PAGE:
Going Gluten Free

Go Gluten Free

With people becoming much more conscious of what they are eating and what ingredients are in the food they are purchasing, the swell of information can be a little overwhelming. Naturally, everyone wants to make informed decisions about their purchases but making sense of the labels only works if you know what you are looking for. For those with Celiac Disease, non celiac gluten sensitivities, or allergies to wheat, the gluten-free category isn’t a health fad, it’s a necessity. While we have all seen the labels, some people are understandably still scratching their heads when it comes to understanding just what that gluten-free label actually means.


Gluten, is a protein that is found naturally in wheat, rye, and barely. For people with Celiac related disorders, consumption of foods with gluten interferes with the small intestine which in turn creates problems with absorbing necessary nutrients. This ultimately creates a domino effect of additional health issues that can get especially serious. For those with non-celiac gluten sensitivities or wheat allergies, gluten can result in symptoms ranging from abdominal pain and bloating to difficulty breathing and congestion.

To put things into perspective, it’s important to highlight just how prevalent wheat is. To do so, we have to tackle a quick bit of math. According to the USDA, US farmers produced 1.884 billion bushels of wheat between 2018/2019. It’s the third biggest crop behind corn and soy. Simply put, the US consumes a whole lot of wheat. The chances of wheat being one of the listed ingredients in your packaged foods is almost a numerical certainty.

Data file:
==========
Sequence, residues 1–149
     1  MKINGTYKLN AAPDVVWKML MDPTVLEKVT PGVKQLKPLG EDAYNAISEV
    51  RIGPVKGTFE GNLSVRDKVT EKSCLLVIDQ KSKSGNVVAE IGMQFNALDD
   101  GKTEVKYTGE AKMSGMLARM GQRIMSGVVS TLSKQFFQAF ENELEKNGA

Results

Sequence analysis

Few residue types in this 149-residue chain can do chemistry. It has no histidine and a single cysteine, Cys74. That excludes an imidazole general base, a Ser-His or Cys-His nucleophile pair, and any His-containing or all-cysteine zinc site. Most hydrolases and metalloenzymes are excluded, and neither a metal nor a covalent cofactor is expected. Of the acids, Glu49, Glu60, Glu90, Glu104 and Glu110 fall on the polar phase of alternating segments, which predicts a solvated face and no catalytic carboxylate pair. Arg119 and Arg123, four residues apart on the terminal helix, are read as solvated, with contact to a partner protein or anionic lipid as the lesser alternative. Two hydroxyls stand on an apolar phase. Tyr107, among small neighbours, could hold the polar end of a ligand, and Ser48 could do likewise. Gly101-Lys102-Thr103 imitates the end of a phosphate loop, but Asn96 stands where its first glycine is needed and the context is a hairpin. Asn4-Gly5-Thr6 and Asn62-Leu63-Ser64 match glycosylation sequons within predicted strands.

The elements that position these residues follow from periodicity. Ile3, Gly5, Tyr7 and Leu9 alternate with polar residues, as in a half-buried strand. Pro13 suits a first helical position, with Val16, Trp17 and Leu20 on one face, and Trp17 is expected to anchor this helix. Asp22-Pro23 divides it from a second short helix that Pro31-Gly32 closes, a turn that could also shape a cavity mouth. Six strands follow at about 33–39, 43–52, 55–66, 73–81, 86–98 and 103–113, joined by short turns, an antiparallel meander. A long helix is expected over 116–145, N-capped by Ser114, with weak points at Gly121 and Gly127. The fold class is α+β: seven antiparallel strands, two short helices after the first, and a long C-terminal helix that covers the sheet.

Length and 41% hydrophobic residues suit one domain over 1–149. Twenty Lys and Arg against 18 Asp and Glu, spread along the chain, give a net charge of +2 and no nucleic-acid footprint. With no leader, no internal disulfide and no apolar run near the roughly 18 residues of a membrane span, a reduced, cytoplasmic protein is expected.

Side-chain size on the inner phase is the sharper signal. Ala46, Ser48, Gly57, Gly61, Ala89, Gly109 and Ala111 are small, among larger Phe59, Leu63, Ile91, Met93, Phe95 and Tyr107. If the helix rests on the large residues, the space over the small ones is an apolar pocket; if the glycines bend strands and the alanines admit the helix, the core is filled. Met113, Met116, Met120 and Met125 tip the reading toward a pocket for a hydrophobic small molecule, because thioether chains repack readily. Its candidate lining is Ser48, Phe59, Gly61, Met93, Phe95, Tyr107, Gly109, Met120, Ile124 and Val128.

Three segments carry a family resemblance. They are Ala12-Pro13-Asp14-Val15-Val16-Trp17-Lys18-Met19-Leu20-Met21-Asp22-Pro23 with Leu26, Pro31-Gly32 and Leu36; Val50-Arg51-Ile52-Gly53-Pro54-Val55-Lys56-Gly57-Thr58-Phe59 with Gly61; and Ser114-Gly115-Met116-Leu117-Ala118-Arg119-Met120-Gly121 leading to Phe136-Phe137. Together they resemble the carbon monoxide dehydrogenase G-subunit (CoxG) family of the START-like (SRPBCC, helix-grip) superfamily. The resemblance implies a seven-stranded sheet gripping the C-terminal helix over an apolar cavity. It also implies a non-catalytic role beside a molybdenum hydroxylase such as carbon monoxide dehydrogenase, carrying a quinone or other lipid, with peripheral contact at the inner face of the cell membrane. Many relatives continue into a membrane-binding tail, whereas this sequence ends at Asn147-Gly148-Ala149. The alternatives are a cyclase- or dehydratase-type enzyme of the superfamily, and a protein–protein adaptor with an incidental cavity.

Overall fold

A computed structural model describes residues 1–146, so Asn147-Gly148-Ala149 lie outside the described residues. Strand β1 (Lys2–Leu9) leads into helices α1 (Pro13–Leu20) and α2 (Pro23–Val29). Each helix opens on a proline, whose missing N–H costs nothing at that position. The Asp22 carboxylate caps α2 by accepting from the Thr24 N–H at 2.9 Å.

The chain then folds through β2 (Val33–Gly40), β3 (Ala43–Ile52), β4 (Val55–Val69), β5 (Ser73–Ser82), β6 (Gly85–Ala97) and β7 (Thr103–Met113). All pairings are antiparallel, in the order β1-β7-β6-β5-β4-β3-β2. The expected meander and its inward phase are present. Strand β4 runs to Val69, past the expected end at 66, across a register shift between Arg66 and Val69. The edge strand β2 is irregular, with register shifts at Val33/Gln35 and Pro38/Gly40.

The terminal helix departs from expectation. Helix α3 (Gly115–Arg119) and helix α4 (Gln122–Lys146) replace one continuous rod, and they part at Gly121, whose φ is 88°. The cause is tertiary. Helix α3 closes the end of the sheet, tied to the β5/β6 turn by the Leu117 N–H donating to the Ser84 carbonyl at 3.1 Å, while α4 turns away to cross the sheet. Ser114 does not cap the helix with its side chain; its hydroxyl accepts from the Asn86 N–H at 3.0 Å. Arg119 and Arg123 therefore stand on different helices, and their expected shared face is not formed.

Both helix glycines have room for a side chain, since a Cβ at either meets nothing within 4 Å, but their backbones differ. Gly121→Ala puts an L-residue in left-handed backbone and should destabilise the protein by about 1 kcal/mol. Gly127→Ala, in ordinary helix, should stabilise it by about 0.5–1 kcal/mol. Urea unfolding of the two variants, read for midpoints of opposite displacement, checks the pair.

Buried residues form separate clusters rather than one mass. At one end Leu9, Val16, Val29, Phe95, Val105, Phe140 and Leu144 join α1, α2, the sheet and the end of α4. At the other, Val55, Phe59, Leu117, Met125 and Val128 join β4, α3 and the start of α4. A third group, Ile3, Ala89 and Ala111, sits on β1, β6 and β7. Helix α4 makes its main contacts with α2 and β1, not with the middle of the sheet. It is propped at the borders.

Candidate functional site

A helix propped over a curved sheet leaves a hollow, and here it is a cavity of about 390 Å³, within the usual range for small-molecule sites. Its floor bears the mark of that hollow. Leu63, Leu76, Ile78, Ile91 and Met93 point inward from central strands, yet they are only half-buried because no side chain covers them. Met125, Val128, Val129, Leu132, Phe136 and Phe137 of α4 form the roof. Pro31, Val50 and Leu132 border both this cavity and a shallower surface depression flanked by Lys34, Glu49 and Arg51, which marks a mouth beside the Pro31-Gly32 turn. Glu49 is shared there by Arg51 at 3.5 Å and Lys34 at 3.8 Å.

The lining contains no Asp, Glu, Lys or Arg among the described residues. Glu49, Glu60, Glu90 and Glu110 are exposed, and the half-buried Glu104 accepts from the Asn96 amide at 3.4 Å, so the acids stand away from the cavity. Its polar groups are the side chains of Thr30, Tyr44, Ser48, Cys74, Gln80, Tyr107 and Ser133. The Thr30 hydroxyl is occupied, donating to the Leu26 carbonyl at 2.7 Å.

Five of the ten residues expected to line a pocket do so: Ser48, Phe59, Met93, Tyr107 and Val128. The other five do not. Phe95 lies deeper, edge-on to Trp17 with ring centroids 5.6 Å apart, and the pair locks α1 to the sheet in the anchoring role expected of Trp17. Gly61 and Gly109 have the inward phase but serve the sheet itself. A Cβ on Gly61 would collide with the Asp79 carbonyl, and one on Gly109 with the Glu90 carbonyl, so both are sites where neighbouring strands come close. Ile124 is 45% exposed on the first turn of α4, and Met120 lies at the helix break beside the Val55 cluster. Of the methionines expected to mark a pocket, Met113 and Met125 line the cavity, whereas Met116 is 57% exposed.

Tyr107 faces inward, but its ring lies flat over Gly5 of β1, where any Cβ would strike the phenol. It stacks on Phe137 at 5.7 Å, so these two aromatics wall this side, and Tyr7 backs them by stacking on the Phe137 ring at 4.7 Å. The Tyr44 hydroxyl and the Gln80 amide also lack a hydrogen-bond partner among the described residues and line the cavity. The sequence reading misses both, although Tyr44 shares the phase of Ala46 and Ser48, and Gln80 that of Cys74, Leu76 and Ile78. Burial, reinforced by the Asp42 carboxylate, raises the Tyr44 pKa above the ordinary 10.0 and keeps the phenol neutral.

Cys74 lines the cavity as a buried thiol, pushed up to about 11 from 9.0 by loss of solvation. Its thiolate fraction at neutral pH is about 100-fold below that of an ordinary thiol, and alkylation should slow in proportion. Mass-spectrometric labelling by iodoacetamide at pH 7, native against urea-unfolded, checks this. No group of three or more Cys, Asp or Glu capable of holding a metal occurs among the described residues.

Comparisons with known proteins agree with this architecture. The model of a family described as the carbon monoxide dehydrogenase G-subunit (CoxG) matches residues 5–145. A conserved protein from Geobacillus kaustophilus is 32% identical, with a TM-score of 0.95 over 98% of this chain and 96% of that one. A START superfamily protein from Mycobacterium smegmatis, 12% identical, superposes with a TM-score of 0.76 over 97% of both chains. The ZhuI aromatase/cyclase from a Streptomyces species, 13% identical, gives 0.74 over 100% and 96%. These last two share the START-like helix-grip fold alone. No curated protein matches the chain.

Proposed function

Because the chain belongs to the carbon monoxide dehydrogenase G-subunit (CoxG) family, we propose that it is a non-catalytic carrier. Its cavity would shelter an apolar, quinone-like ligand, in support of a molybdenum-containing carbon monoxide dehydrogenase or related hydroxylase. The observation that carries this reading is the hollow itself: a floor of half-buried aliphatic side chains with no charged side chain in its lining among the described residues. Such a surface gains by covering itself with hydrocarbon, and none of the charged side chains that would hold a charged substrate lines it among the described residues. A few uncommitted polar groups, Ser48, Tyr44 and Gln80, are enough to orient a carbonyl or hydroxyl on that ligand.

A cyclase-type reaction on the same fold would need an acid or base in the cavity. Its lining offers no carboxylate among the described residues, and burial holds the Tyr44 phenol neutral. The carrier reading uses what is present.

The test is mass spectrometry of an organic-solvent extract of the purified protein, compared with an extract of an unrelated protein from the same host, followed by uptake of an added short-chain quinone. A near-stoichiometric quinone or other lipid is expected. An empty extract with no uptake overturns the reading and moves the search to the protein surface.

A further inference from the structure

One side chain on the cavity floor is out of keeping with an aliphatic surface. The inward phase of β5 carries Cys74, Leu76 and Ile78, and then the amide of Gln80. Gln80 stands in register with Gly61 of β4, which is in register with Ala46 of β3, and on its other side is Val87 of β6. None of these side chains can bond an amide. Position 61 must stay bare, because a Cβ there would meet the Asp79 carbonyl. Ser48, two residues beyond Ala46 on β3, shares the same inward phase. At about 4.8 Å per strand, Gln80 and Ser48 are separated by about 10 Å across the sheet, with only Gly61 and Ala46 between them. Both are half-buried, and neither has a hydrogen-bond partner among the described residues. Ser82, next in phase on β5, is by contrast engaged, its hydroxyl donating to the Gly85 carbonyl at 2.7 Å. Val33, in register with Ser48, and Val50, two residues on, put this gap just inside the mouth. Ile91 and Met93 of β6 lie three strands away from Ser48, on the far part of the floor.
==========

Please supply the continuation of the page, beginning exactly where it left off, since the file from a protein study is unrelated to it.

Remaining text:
There are certainly obvious choices that contribute to a balanced diet that will ensure no risk as it pertains to consuming gluten. Eggs, unprocessed meats, fruits and vegetables, beans, seeds, and nuts in their unprocessed forms all make for great choices. With regards to grains, quinoa, rice, soy, buckwheat, and flax are among the more popular alternatives that work within the diet. However, when it comes to packaged, processed foods, the devil is going to be in the details. Here is where you as the consumer need to take a closer look.

The Label – For any product to have the gluten-free label, the FDA requires that it contain less than 20 parts per million of gluten. If you see that something is gluten-free, this means that the product has been vetted and is safe for consumption for people with dietary restrictions.

Allergen Listing – While not all packaging has an allergen listing, this can be a quick way to rule out something by a process of elimination. If the product lists wheat in the allergen warning, it’s an obvious no.

List of Ingredients – If all else fails, check the ingredients and look for the biggies. Wheat, rye, barley, brewer’s yeast, and oats (unless they are specified as gluten-free) are among the guilty suspects. If any of these are listed, it’s a no go.


Most restaurants are well aware of allergies and dietary restrictions when it comes to preparing their menu. You can always ask how your food is being prepared to ensure that whatever you are eating is safe.